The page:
Next week is National Family Mediation Week (18 to 22 January 2020). There are lots of events organised by the Family Mediation Council to get people’s interest and understanding about mediator.
I am not a mediator but I can see the benefit in mediation. So, here are the most common questions:
What is mediation? It is a process outside of the court arena where a qualified, independent person helps a family members (couples, parents, grandparents) come to an agreement over an area of dispute.
Do I have to mediate? No, it is voluntary but why would you not try it if it could help resolve the issue that you have? Agreements that are reached between you are better, I think, because each of you have had a hand in coming to the agreement. It is fair to say that mediation does not solve all problems but it can help to resolve a significant proportion.
Do I need a solicitor? Well, the mediator will not give you legal advice. They can give you information. My view, and it is not a view held by all, is that it is better to get initial advice before you mediate and then the solicitor is in the background if you need advice in between mediation sessions to help you. When I was first a solicitor, in all cases about children between parents, there was always a session with a CAFCASS officer mediating to see if you could reach an agreement. The solicitors would be in the room but they would not take notes and they would not speak, just listen. Parents would do the talking and if they needed, they could ask for legal advice. I thought that worked really well. It also brings home the skill of listening. As my Welsh Nanna would have said, the good Lord gave us two ears and one mouth for a reason.
So, can solicitors be in a mediation? Now, here is where there is a wide range of opinion. My view is that humans are entirely too stuck on labels for things. If it works, it works and it does not matter if it is mediation, lawyer inclusive or hybrid mediation, mediation with early neutral evaluation or whatever. If you would like to be able to negotiate/discuss matters but have a solicitor in the background to listen and advise you, why not? Provided they don’t take over, why not? If you want a neutral solicitor – that neither of you have spoken to – to come into a mediation session after seeing your papers and say ‘right, if I were the judge I would do this…’ – why not? If it will get you to the point of getting an agreement and avoiding court proceedings, then all fine and dandy. Call it what you like and be as creative as you like.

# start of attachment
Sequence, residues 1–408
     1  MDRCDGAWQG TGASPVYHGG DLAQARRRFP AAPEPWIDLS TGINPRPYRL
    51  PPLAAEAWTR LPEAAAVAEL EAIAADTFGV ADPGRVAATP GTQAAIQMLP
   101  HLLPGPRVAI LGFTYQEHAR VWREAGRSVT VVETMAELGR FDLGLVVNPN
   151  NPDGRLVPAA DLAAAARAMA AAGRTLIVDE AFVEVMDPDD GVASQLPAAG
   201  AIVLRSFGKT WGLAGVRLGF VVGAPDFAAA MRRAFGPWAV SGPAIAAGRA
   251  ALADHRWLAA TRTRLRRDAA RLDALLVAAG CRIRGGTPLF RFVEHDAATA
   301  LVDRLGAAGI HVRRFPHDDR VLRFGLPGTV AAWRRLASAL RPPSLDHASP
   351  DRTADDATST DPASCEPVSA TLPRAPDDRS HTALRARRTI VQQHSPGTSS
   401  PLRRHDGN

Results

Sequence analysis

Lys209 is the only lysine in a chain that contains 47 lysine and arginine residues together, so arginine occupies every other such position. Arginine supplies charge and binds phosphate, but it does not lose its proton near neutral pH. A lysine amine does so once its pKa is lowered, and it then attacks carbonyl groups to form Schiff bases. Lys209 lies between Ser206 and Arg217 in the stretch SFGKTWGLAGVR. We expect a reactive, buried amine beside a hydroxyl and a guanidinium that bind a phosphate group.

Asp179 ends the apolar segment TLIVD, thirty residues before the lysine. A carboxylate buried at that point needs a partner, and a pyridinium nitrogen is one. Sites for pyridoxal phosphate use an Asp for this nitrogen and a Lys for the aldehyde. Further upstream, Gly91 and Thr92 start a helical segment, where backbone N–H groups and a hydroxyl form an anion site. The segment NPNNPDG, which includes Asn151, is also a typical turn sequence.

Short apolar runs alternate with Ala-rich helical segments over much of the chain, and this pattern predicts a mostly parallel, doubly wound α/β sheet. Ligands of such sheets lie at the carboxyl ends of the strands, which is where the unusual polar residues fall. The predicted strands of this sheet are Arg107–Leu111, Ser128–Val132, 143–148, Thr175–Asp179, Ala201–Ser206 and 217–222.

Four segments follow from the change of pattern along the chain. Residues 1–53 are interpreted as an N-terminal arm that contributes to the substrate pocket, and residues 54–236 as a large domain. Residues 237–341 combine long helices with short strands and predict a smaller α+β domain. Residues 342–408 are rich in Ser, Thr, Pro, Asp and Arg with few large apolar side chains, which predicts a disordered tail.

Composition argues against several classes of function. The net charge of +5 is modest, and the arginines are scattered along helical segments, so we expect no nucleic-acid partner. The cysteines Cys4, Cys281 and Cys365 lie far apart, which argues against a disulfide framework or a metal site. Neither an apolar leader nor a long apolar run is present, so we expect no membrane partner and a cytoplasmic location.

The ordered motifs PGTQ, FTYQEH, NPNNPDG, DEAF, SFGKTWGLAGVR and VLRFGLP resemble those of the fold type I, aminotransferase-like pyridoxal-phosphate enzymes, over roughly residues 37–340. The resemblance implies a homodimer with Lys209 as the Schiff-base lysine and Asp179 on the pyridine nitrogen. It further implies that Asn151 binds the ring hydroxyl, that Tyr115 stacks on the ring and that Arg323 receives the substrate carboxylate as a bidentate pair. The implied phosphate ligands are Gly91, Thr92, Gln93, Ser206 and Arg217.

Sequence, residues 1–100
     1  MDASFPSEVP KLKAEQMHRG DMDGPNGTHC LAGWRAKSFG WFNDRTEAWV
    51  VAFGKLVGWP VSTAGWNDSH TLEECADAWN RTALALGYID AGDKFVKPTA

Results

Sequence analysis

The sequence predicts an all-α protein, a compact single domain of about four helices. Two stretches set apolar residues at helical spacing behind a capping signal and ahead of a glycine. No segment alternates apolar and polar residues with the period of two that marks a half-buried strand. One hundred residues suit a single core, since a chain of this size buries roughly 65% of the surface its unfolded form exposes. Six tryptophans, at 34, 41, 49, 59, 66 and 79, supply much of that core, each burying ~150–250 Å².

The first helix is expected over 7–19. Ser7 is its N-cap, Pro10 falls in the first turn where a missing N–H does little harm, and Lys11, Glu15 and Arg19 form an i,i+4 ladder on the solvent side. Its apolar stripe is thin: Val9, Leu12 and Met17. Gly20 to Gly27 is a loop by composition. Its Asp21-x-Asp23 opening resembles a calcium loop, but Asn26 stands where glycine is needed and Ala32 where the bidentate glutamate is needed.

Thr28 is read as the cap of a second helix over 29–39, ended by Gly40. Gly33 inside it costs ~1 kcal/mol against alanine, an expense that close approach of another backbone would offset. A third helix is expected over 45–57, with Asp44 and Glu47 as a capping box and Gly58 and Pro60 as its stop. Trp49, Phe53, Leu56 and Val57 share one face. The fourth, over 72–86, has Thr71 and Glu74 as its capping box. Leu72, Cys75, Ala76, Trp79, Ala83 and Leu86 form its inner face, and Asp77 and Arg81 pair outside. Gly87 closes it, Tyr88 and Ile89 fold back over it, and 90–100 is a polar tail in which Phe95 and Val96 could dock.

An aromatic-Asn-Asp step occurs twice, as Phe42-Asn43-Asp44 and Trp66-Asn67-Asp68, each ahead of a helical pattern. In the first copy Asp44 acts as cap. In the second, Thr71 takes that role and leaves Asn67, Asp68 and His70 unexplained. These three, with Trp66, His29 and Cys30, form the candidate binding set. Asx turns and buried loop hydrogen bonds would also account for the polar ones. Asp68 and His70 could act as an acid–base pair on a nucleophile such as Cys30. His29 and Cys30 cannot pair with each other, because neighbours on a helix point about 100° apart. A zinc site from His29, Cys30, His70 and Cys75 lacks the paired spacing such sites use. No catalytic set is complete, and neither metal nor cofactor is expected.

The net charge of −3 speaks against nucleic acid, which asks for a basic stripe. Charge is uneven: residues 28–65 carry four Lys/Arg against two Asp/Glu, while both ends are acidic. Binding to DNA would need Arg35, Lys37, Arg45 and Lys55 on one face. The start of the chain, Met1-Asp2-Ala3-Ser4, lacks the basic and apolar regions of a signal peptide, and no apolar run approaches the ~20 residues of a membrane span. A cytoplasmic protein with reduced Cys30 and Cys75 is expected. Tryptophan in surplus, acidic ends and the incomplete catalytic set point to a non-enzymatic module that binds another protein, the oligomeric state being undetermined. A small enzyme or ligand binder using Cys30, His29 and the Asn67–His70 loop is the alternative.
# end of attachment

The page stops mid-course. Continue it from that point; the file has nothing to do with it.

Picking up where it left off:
What’s so wrong about court proceedings? Nothing is ‘wrong’ with them. But… but…. there is a ‘one size fits all’ process that has to be followed whether you have millions or not; there are steps and paperwork that have to be undertaken before a court hearing to help a busy judge – time is money and all that; you can have a different judge for each hearing so no continuity; even before COVID there were delays. Now there are mega delays. And FYI, financial proceedings are not a priority so…. Oh and did I mention the ‘time is money’ point. Court proceedings are expensive if you need a solicitor to help you through each bit. There is a lot of work/time there for the solicitor.
What about arbitration. Is that like mediation? No. You do have to agree to arbitrate but then the arbitrator is like a private judge who will decide your dispute. Arbitration is the BUPA. Court proceedings are the NHS, if that makes sense. I think mediation and arbitration are a match made in heaven. If you choose to arbitrate, the arbitrator can send you off to mediation to see what you can agree and then if you have a few issues left but have decided most of them, the arbitrator will decide the remaining issues and that is that. Seems like the best of both worlds to me.
If you need advice before you start mediation, contact me.